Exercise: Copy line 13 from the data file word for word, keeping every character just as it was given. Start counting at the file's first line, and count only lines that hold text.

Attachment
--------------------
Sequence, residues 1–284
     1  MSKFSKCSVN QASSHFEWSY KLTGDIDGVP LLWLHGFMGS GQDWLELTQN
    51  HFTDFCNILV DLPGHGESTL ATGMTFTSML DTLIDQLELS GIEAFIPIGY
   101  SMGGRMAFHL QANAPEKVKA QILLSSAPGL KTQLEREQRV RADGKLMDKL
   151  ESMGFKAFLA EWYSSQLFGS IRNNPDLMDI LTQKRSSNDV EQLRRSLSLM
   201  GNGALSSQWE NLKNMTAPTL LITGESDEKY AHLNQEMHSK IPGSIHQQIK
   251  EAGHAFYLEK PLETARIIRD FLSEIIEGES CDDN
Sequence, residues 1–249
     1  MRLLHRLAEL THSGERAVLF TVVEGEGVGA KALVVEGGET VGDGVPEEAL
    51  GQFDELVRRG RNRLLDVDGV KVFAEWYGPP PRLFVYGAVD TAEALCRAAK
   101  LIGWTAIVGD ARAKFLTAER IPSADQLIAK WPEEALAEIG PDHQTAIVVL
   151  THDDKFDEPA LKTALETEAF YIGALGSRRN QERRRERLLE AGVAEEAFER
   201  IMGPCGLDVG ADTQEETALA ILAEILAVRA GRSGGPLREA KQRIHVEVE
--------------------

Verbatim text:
   201  IMGPCGLDVG ADTQEETALA ILAEILAVRA GRSGGPLREA KQRIHVEVE